There’s something achingly familiar about Daniel Grigori.Since the start of last year, the first time we saw this book, we’ve been dying to read it. The cover is gorgeous, how could you not want to? But look out…
Mysterious and aloof, he captures Luce Price’s attention from the moment she sees him on her first day at the Sword & Cross boarding school in sultry Savannah, Georgia. He’s the one bright spot in a place where cell phones are forbidden, the other students are all screw-ups, and security cameras watch every move.
Even though Daniel wants nothing to do with Luce–and goes out of his way to make that very clear–she can’t let it go. Drawn to him like a moth to a flame, she has to find out what Daniel is so desperate to keep secret…even if it kills her.
Why is it that every time books have pretty covers, they end up sucking? It’s not fair, dammit.
So anyway, if it isn’t already obvious, we didn’t like this book very much. At all, actually. We had to think hard to find a single thing we liked about it, so we’ll get those out of the way, first: Cyna liked Arriane, and Kayla liked that Kate wasn’t afraid to kill people. Now let’s get on to the good stuff.
Fallen is a disaster on all fronts. Usually terrible books have at least one redeeming feature buried in there somewhere – good writing, interesting characters, or a good concept. Fallen has none of those. Instead, we spend 400-pages reading about an annoying chick stalking a total douche bag. And that’s all. What little mythology there is gets squished into the 50-page long confusing mess that tries to pass itself off as a climax, and that was about as unsatisfying and un-revelatory as a climax can get. All it left us with were questions, potential plot holes, and a lot of pent-up anger.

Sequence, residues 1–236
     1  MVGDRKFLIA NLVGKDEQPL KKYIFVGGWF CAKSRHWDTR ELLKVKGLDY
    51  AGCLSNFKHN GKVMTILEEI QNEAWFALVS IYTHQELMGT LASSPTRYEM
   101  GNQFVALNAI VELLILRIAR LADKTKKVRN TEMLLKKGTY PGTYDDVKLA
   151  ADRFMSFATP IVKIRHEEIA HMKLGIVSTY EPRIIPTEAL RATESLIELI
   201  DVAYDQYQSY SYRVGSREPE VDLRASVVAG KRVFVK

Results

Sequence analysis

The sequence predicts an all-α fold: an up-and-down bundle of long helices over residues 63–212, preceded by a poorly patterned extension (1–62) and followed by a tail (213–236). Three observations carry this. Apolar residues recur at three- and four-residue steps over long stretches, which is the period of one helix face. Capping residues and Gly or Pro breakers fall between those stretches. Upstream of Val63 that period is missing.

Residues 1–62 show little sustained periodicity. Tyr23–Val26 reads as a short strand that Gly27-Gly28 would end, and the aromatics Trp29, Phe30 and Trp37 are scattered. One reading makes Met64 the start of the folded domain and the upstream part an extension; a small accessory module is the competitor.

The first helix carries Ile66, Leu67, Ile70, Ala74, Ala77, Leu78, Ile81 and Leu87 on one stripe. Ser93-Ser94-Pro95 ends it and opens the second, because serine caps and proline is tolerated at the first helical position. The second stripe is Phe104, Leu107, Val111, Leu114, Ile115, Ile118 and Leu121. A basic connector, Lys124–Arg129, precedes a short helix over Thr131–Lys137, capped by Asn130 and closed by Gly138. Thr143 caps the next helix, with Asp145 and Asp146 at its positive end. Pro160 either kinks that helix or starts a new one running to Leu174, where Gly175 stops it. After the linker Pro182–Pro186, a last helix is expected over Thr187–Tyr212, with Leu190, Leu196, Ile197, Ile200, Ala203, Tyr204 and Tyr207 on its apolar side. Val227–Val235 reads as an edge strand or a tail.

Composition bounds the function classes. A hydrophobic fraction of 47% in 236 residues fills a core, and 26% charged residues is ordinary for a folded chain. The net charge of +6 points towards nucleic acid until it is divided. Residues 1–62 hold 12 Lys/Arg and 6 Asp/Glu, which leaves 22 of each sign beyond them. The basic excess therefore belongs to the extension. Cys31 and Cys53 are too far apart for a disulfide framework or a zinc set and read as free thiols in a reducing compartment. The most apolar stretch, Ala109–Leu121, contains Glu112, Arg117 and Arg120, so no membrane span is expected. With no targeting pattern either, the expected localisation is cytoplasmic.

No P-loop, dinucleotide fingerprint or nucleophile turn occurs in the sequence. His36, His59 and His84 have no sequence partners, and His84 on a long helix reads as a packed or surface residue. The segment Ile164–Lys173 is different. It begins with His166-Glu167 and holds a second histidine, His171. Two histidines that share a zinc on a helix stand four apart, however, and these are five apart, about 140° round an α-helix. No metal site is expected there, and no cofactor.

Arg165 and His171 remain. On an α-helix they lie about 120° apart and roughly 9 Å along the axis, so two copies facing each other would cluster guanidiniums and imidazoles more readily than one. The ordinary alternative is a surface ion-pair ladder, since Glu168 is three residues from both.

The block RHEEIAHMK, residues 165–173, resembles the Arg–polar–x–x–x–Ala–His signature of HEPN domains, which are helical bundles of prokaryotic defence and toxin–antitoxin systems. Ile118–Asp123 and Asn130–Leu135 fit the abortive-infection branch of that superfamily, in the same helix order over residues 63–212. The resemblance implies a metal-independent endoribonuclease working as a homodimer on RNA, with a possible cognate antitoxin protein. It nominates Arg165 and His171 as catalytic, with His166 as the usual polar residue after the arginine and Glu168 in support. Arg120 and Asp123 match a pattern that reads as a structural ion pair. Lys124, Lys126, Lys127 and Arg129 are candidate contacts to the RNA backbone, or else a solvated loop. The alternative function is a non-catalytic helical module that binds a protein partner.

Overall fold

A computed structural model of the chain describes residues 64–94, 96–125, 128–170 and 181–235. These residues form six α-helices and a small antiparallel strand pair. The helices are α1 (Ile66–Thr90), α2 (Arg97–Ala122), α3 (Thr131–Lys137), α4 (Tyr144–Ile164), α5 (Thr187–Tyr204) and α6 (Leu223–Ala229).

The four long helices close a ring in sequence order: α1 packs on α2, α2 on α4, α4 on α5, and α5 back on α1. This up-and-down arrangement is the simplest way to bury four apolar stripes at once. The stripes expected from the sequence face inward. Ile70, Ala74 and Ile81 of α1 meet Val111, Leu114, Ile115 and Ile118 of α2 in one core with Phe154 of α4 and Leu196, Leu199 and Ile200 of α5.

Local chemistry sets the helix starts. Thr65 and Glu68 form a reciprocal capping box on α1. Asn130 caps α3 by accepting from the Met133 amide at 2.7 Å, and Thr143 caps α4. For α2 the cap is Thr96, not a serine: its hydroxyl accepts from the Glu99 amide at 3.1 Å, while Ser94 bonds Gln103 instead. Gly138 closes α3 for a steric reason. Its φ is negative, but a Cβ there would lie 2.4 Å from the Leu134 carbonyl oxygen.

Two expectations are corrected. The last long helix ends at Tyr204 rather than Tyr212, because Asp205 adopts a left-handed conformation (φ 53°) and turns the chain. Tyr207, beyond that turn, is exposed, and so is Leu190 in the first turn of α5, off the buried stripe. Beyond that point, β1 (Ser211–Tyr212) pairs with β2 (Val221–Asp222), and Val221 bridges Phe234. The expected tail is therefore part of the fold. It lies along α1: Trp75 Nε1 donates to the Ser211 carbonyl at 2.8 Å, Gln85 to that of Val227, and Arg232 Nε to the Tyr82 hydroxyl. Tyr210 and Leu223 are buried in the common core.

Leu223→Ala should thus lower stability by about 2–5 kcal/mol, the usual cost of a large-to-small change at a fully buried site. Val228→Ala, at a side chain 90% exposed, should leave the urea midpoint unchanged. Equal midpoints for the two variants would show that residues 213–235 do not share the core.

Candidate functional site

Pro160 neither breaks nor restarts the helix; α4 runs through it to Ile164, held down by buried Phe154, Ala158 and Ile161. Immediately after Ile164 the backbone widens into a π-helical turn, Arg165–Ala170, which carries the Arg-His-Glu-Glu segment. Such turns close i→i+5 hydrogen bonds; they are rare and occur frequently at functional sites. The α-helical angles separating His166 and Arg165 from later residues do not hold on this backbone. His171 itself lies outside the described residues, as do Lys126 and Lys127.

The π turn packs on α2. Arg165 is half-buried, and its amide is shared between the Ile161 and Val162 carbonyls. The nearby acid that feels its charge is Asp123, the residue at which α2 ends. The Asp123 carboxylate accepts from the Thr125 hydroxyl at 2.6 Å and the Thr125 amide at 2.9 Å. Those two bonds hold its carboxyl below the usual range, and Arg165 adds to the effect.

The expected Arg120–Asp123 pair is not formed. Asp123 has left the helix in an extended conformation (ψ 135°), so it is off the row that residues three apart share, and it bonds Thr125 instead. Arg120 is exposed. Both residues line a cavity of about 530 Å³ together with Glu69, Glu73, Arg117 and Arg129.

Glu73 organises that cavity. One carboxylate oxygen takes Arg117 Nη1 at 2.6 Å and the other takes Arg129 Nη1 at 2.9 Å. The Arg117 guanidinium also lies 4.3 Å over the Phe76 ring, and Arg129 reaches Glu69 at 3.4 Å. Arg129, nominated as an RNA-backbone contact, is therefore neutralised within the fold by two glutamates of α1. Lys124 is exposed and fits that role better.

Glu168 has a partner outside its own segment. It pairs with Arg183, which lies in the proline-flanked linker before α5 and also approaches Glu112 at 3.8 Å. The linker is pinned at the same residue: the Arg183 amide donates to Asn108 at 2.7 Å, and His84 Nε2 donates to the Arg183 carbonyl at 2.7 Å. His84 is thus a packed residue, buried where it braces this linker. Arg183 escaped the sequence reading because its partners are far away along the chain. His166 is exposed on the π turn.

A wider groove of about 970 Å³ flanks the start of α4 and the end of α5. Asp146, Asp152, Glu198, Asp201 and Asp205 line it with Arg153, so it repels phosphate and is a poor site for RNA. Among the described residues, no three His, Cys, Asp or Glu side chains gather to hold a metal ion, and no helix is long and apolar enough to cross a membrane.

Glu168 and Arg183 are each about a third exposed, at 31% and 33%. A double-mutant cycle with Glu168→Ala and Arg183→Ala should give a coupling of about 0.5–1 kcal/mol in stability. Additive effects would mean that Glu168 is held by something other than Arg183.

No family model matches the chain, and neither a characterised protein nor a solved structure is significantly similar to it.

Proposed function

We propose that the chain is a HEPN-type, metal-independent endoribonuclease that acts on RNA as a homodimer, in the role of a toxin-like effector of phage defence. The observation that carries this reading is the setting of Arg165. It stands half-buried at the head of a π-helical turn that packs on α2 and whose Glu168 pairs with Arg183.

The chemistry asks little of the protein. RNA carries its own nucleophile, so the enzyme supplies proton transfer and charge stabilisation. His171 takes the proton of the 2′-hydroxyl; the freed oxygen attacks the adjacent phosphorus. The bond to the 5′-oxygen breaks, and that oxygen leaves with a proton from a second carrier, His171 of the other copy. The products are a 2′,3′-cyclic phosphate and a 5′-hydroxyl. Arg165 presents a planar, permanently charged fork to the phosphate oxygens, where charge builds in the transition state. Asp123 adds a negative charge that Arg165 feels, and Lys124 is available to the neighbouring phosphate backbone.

But let’s get on to the big stuff. Like the pacing. This is probably the first time we’ve read a book where the biggest issue is pacing. Even though the back cover – for once – doesn’t spoil it, we went into Fallen knowing that the prime love interest was a fallen angel, and that’s it. We didn’t know what the series concept was, or anything about the heroine and what role she would play in the series. We were Fallen virgins. And then we were horribly spoiled…by the first chapter.
Yes, Lauren Kate felt the need to hook her audience on her new series by telling you everything you need to know about Luce (she’s reincarnated), Daniel (he’s immortal), and their relationship (they’re irresistibly drawn to one another, but can’t be together because every time they kiss, Luce dies, but they keep doing it anyway HURRDURR) in the first chapter. The rest of the book Fallen is the long version of the same thing. The only difference – and you know this from page one because if it weren’t we wouldn’t have a series – is that this time will be the Exception: Luce won’t die when he kisses her, and because of that, stuff will happen. Sorry we spoiled it for you, but we just saved you a whole book of repetitive reading <3~